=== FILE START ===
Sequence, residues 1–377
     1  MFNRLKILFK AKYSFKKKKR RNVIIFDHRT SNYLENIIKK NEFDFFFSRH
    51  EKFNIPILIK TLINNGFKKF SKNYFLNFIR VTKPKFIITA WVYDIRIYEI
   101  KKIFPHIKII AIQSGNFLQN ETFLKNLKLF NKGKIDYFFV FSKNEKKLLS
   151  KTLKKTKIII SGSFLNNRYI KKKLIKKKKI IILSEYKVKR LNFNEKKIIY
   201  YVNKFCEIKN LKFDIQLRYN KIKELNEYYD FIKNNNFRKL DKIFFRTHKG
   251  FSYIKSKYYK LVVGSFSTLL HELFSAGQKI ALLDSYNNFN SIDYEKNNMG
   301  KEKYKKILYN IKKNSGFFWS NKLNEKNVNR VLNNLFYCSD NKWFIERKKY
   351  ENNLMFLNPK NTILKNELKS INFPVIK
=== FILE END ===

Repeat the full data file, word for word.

Sequence, residues 1–377
     1  MFNRLKILFK AKYSFKKKKR RNVIIFDHRT SNYLENIIKK NEFDFFFSRH
    51  EKFNIPILIK TLINNGFKKF SKNYFLNFIR VTKPKFIITA WVYDIRIYEI
   101  KKIFPHIKII AIQSGNFLQN ETFLKNLKLF NKGKIDYFFV FSKNEKKLLS
   151  KTLKKTKIII SGSFLNNRYI KKKLIKKKKI IILSEYKVKR LNFNEKKIIY
   201  YVNKFCEIKN LKFDIQLRYN KIKELNEYYD FIKNNNFRKL DKIFFRTHKG
   251  FSYIKSKYYK LVVGSFSTLL HELFSAGQKI ALLDSYNNFN SIDYEKNNMG
   301  KEKYKKILYN IKKNSGFFWS NKLNEKNVNR VLNNLFYCSD NKWFIERKKY
   351  ENNLMFLNPK NTILKNELKS INFPVIK